Richard McBrien of Notre Dame is one of the most high profile dissenters from Catholic teaching on marriage and sexuality. In his latest column, he marks the 40th anniversary of Humanae Vitae by quoting both his own words and those of other dissenting theologians and bishops.
Now, what I want to draw attention to is the fact that this dissenting column is published in the official paper of one of the largest archdioceses in the United States, Los Angeles. We might safely assume that the paper’s publisher, Cardinal Roger Mahony, is in agreement with McBrien’s questioning (of this and related Catholic teachings, which often make up the substance of his columns). “Diogenes,” writing for Catholic World News, notes McBrien’s call for debate and says, “Great idea: a serious discussion, a real debate. Just one thing: It won’t be easy to have a real debate until there’s room in the newspaper columns for someone other than Father McBrien and his allies.”
Some of those concerned about papal power point to Humanae Vitae as an example of papal authoritarianism. The fact that after 40 years theologians, reputable Catholic publications, and even bishops and archbishops still snub it forces us to reconsider the nature of Catholic authority. Contrary to what Protestants tend to think, it is not centralized in the pope, but is in fact localized at many different levels, in the person of each bishop and parish pastor. Whether a pastor wants to encourage dissent or faithfulness from the pulpit, the bishop won’t stop him (unless, from the pulpit, he criticizes the bishop or a diocesan office). Whether a bishop wants to require NFP for every couple who wants a Catholic wedding or make it hard to find, the Vatican won’t step in. Whether a diocese encourages teaching of Catholic theology or sticks it in a pigeonhole as one option among many, it’s up to the bishop and his bureaucrats. There’s no accountability; only the concerted effort by each authority figure to maintain his own authority.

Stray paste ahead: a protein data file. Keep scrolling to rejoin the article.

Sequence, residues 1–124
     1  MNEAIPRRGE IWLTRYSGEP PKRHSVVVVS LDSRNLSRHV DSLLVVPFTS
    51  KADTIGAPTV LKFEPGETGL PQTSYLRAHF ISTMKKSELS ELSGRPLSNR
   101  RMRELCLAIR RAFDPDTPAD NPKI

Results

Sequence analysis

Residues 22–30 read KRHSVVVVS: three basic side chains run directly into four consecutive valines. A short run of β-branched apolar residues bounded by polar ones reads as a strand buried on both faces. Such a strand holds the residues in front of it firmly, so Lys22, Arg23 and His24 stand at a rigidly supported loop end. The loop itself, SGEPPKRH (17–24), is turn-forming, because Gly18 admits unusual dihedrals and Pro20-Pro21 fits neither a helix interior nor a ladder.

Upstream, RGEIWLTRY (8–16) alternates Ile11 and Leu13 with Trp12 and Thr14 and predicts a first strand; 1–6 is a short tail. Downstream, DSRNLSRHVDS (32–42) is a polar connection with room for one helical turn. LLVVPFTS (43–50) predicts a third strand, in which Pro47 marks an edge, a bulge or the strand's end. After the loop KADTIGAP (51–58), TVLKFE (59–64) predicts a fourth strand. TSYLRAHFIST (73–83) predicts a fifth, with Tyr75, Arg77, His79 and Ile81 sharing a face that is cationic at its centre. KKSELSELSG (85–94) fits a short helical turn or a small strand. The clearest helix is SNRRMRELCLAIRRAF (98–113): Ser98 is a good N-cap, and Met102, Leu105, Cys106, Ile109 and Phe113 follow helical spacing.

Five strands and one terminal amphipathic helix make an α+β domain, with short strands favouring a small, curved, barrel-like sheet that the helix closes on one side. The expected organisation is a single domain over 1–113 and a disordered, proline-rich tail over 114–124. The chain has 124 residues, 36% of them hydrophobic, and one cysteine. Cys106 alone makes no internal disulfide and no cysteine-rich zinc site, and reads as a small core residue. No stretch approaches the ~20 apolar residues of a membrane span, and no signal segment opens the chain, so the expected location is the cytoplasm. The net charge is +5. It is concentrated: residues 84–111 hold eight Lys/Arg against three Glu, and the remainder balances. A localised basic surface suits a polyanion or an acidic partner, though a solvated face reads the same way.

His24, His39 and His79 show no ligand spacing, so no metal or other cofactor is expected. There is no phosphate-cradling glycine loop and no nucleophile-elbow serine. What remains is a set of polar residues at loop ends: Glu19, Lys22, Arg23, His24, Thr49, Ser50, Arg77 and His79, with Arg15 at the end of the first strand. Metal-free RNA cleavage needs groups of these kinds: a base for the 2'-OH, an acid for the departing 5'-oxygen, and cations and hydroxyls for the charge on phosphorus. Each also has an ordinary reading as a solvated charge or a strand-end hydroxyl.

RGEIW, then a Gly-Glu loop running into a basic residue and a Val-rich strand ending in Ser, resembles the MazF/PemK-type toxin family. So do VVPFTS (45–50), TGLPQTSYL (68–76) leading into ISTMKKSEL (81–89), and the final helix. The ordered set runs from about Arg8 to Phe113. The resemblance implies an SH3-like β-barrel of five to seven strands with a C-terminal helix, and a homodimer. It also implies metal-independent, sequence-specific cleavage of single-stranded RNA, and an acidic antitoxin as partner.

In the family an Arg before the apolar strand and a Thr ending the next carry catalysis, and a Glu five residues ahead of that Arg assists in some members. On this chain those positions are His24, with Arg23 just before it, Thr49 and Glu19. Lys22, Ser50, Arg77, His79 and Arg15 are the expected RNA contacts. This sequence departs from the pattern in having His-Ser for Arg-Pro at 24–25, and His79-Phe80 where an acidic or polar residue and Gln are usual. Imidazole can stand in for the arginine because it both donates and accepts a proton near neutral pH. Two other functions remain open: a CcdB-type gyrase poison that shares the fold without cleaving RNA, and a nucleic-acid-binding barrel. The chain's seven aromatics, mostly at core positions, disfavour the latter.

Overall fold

See also John Allen’s op-ed in the New York Times.